Asia Pacific

Thailand: 2 army rangers shot dead by suspected militants

Two army rangers were gunned down and four more wounded in a night-time ambush by suspected militants in Thailand’s Muslim-majority south, officials said on Wednesday, September 12.

The region bordering Malaysia has been in the grip of a low-level but bloody insurgency for more than a decade as ethnic Malay militants battle the Buddhist-majority state for greater autonomy.

The rangers came under fire late Tuesday in Pattani, one of the provinces worst-hit by a conflict that has killed nearly 7,000 people, while patrolling Nongchik district on motorcycles.

“Two rangers were killed at the scene of the attack and four others were wounded,” Captain Sarawut Nuchwang, deputy chief police investigator, told AFP.

They were identified as Suchart Kongsuk and Thanadej Chaiyamusik, The Nation reported. The injured rangers were Private 1st Class Uthai Prathumwan, Issarapong Kaewraksa, Anirut Wang-eaid and Warakon Nimmak, all from the Royal Thai Army Ranger Forces Company 4303, the Bangkok Post reported.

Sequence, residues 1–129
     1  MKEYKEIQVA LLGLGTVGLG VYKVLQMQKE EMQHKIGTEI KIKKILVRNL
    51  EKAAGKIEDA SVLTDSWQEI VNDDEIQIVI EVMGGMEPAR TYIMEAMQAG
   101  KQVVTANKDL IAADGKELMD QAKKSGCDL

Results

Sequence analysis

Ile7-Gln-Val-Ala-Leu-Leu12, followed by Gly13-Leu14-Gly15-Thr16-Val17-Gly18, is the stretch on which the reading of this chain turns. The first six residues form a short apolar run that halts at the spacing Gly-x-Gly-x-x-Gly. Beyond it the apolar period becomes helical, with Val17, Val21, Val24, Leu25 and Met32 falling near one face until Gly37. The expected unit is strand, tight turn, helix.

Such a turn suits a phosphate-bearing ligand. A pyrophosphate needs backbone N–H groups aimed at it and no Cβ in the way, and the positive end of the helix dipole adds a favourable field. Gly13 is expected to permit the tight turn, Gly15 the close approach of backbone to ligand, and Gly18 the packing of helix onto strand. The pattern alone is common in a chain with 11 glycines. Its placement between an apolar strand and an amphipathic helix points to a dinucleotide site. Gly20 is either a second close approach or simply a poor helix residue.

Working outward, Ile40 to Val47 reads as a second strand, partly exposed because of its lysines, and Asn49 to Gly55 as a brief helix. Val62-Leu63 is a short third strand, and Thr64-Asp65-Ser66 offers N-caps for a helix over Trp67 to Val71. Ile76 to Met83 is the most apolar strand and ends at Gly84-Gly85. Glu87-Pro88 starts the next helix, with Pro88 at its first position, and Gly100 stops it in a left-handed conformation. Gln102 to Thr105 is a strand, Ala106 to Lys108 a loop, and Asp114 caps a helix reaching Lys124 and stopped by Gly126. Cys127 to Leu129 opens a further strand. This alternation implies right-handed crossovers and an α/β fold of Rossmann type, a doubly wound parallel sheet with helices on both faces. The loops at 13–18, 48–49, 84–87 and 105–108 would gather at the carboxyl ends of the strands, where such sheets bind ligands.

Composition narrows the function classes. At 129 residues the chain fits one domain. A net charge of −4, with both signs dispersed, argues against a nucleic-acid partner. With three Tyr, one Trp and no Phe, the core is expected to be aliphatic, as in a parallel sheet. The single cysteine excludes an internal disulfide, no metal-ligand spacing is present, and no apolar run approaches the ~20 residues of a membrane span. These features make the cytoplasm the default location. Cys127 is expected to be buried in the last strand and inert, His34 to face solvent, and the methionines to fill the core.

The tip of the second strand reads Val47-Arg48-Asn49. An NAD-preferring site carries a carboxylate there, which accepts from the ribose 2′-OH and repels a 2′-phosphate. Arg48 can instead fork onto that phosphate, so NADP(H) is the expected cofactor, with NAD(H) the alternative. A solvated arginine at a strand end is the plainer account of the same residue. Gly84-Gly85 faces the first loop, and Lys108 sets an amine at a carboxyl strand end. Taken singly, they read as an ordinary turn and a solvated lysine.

The number of attackers and their identities remain unknown.

“We suspect it was the work of the same local group who are active in this district,” southern army spokesperson Colonel Pramote Prom-in said, in an apparent reference to a band of local militants.

“They want to create a situation to incite unrest.”

Thailand’s three southernmost provinces were colonized over a century ago.

But the majority Malay Muslim population have resisted Bangkok’s rule, calling for greater autonomy or independence.

They accuse the state of railroading their distinct culture as well as carrying out routine abuses which go unpunished.

The latest round of insurgency broke out in 2004, marked by near-daily shootings or bomb attacks which have left civilians — both Muslim and Buddhist — bearing the brunt of the violence.

The shadowy rebels shun publicity, operating in small cells in remote forested border areas.

The main militant group the Barisan Revolusi Nasional are reluctant to commit to peace talks in public.

Since Thailand’s ruling junta seized power in 2014, big attacks have become less frequent due to a combination of heightened security, arrests and intelligence work.

Last year a record low of 235 people were killed in clashes between insurgents and the military.

But in recent weeks violence has spiked with a series of shootings and small bombings, including targeted attacks on rubber farmers.

With reporting from AFP

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